Lyn Nofziger, a former White House political director and a close associate of President Reagan, was indicted on six counts of violating federal ethics laws in lobbying the administration on behalf of Wedtech Corp., Fairchild Industries and a maritime union, according to court documents released yesterday.

In a written statement distributed by his lawyers, Nofziger said, "I am not a felon," and attacked the investigation conducted by independent counsel James C. McKay.

Nofziger, 63, a former reporter who has been associated with the president since 1965, when he served as press secretary in Reagan's first campaign for governor of California, said McKay "and his large staff of lawyers, FBI agents and IRS investigators have systematically ruined my good name, my business and my finances . . . . This action comes at the expense of justice and fair play . . . . I am innocent of any deliberate violation of the law, and if the independent counsel wants my scalp, he will have to get it the old-fashioned way."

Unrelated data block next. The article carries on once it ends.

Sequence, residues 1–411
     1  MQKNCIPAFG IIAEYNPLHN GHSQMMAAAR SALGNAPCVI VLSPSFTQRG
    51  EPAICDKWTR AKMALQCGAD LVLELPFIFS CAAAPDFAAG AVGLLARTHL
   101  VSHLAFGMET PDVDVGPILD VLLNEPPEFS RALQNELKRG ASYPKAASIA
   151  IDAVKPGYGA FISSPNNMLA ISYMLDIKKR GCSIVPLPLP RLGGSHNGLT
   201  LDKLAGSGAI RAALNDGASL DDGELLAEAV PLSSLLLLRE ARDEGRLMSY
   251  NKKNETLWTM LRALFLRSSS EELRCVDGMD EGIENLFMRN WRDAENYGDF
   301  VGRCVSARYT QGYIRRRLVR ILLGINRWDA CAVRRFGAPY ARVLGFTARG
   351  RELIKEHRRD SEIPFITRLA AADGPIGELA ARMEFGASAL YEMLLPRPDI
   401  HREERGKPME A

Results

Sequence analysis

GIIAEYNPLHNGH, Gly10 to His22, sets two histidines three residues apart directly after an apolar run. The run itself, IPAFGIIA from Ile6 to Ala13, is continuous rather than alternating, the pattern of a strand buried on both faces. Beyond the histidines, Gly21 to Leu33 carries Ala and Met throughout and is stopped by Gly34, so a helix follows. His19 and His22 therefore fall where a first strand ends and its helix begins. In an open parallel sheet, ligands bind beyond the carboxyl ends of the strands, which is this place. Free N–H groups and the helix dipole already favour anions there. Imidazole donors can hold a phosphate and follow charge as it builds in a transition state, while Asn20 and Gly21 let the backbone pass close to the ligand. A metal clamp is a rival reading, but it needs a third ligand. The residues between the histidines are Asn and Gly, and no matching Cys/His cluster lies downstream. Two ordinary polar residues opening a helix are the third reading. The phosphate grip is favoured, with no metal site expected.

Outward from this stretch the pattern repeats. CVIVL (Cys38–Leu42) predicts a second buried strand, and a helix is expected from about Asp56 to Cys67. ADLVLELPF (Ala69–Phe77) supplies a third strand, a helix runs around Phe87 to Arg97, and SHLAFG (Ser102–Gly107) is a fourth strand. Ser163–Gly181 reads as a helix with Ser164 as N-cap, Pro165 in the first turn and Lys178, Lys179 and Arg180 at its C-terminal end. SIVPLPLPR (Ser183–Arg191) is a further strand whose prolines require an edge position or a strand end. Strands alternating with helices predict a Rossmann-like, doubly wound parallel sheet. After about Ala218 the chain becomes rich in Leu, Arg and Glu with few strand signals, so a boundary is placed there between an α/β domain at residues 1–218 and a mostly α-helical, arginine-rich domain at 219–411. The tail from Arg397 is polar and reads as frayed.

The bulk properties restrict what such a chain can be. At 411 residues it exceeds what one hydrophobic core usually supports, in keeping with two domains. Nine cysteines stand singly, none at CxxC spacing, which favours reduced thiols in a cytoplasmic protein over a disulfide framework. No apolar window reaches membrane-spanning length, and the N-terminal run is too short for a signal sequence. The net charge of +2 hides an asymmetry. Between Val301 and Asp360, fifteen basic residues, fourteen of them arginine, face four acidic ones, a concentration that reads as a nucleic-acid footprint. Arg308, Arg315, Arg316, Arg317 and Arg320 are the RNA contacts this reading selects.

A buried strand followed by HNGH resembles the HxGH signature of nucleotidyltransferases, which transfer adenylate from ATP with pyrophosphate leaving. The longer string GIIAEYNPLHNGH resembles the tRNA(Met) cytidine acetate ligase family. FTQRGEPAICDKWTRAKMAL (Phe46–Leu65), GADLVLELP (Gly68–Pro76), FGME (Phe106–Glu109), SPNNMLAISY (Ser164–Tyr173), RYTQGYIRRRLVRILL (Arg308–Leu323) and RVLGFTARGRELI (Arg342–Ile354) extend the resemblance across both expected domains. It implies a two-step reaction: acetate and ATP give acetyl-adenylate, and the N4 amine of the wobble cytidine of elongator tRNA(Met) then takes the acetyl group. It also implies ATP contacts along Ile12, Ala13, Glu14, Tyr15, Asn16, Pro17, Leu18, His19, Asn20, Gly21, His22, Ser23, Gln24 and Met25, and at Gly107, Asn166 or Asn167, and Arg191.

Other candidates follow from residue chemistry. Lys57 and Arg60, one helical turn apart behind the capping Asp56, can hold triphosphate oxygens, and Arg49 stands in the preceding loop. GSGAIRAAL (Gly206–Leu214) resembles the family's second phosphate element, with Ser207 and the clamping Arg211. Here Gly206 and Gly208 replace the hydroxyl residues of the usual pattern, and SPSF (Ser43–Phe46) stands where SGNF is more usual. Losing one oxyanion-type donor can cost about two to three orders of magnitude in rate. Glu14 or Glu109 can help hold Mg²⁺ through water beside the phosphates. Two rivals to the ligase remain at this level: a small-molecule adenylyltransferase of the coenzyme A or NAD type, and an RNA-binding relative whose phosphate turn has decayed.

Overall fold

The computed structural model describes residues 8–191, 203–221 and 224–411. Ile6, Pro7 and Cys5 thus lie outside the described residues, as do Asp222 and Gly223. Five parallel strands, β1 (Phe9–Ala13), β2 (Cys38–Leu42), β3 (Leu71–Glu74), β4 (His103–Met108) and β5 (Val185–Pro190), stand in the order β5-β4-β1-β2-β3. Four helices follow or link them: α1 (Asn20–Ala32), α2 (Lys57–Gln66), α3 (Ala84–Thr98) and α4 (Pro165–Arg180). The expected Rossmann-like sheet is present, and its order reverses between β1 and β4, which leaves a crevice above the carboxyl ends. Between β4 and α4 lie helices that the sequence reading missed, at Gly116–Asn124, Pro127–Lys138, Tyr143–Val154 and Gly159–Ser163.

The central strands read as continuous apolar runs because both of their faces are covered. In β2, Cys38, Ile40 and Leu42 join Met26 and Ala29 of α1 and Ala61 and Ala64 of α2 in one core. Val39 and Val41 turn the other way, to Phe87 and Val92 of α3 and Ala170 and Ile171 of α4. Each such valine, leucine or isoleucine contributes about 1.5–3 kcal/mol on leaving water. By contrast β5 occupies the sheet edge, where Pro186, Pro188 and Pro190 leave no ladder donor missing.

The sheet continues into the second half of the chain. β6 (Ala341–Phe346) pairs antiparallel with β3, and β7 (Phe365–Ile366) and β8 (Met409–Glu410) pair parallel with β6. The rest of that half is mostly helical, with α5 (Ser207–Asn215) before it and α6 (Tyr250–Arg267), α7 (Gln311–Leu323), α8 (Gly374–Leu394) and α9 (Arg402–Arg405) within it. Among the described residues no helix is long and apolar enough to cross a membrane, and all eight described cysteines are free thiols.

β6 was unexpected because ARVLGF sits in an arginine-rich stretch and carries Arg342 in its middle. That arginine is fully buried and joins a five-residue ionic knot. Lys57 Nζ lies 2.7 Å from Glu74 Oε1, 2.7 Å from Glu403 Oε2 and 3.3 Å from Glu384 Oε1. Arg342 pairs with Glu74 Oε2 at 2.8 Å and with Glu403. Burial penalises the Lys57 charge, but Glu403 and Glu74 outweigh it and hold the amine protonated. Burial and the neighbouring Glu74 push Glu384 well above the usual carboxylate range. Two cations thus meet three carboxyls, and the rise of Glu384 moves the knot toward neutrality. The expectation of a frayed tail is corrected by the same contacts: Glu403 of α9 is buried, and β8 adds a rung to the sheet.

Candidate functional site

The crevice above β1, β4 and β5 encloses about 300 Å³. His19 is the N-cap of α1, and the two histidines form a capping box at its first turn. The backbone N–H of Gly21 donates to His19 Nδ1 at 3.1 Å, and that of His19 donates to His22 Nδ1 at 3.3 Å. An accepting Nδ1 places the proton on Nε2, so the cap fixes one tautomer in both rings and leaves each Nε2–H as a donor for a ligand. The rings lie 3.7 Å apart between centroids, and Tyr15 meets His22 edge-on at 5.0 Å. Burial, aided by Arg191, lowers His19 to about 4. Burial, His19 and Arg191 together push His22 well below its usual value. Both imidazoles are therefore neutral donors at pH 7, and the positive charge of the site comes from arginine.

Sources close to the McKay inquiry said yesterday that the investigation is continuing and that one area under scrutiny is the role Attorney General Edwin Meese III may have played in assisting Wedtech and Fairchild.

The indictment, which was returned Thursday by a federal grand jury, disclosed for the first time that Meese, while he served as White House counselor, received a letter from Nofziger in April 1982 on Wedtech's efforts to win a no-bid $32 million Army engine contract.

Meese, who has acknowledged that he interceded on Wedtech's behalf, has previously said that he acted in response to a series of memos from an old friend, San Francisco lawyer E. Bob Wallach, who later received more than $1 million in stock and cash from Wedtech.

Nofziger, who resigned as the White House political director on Jan. 22, 1982, was charged with violating a section of the 1978 Ethics in Government Act. Under the law, it is a violation for a federal official to lobby his former agency for one year after leaving the government on any "particular matter" in which the agency "has a direct and substantial interest." There is also a lifetime ban on lobbying any part of the government on an issue in which the former official had "personally and substantially" participated.